ROGERSVILLE — A shackled 16-year-old drug defendant who fled from the Department of Children’s Services office in Rogersville Wednesday afternoon crossed a mountain before a deputy found him sitting in a field rubbing his sore feet and ankles.
Hawkins County Sheriff’s Office Lt. Greg Larkin was driving an unmarked vehicle when he spotted the boy sitting across the road from the Hawkins County Highway Department garage on Flora Ferry Road just south of Rogersville.
Rogersville Police Department Chief Doug Nelson said Larkin pulled his unmarked vehicle into a driveway adjacent to the field where the boy was sitting and asked the boy what was going on.
“(The boy) said, ‘One of my buddies put these shackles on me as a joke, and now I can’t get out of them’,” Nelson told the Times-News Thursday. “Lt. Larkin said he jumped out of his vehicle and told the guy, ‘That’s a bunch of B.S. and you know it’. He said the guy was worn out and his feet were hurting him so bad he didn’t want to run any more. He just gave up.”
The boy had been arrested in a drug sting Tuesday in Elizabethton, and he was also wanted in Hawkins County Juvenile Court on drug offenses.
Nelson said the boy was in the custody of DCS, and although he was wearing ankles shackles, he wasn’t wearing handcuffs.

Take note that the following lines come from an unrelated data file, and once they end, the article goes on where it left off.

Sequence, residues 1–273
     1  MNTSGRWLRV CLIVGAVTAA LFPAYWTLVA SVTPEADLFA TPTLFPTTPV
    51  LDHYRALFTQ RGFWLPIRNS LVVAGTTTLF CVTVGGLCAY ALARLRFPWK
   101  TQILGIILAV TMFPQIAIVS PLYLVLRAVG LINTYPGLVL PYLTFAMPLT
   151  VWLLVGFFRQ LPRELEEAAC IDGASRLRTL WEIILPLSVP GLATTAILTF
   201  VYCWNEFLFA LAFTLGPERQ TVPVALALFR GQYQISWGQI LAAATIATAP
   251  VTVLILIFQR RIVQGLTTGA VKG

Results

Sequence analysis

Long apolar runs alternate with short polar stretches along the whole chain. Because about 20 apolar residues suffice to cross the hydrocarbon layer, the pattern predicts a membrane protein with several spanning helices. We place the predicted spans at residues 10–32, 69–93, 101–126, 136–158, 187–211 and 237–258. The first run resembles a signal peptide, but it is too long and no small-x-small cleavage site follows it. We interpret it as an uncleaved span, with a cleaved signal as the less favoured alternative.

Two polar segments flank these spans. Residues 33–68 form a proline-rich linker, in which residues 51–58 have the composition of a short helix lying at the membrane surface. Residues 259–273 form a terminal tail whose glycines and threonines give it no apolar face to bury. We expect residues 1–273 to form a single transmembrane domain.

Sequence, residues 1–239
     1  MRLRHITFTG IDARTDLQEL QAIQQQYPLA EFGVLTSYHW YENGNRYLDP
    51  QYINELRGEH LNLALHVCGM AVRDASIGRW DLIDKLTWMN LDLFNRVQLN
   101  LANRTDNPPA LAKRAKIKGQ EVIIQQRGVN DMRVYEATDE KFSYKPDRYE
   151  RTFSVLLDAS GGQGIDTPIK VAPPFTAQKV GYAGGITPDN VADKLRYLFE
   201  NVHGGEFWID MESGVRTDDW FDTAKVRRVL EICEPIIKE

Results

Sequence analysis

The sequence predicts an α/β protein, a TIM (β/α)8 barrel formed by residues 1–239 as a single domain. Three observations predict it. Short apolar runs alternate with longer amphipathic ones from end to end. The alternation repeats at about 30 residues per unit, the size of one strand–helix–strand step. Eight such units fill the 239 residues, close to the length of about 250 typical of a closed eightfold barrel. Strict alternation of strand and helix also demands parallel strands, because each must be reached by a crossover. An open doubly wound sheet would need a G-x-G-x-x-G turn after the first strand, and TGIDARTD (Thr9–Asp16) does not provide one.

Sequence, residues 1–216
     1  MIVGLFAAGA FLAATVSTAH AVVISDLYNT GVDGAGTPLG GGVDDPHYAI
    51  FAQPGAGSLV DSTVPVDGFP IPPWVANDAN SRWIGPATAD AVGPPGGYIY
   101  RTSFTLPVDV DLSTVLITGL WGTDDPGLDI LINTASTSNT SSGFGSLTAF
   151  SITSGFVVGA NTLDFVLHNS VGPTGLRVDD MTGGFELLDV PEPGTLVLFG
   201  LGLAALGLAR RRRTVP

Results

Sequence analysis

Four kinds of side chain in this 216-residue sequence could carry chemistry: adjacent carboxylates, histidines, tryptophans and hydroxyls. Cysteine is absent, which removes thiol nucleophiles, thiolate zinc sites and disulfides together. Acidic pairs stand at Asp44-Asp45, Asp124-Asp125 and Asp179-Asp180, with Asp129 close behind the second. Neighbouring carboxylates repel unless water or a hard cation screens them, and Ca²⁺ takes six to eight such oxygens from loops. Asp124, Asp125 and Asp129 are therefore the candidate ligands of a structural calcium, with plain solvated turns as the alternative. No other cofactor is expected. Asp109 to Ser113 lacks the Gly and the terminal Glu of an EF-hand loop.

DCS officials had bought him something from McDonald’s for lunch and were about to transfer him from the DCS office on Rt. 66 in Rogersville to a Knoxville facility when the boy bolted around 3:25 p.m.
“When they took him out to put him in the van he threw down his McDonald’s bag and took off running with shackles on,” Nelson said. “They told me they could have caught him, but they aren’t allowed to touch him and take a chance on hurting him. He ran up in the woods behind the big shopping center where Food City used to be.”
Nelson added, “All he had on (his feet) was flip-flops and socks, which he ran out of those pretty quick.”
Six officers from Rogersville and the HCSO searched for the boy for two hours and 19 minutes.
Nelson admitted that he was impressed that the boy was able to climb up one side of a steep mountain and back down the other side through rough terrain in shackles and socks.
“He got almost a mile on foot,” Nelson said. “Of course his legs and feet were all skinned and tore up from going through the briars, and from the shackles rubbing his ankles raw.”
Nelson added, “If you look up the hill behind (the old) Food City, it’s straight up. You could see his footprints going up the bank, and it’s straight up. When you’re 16 you don’t have to stop and rest every little bit like we do. He just kept going. He went over that mountain and all the way down the back side, and actually passed the highway department and was over on the left of it across the road.”
Nelson said there will be additional charges against the boy, but new charges will be filed by DCS.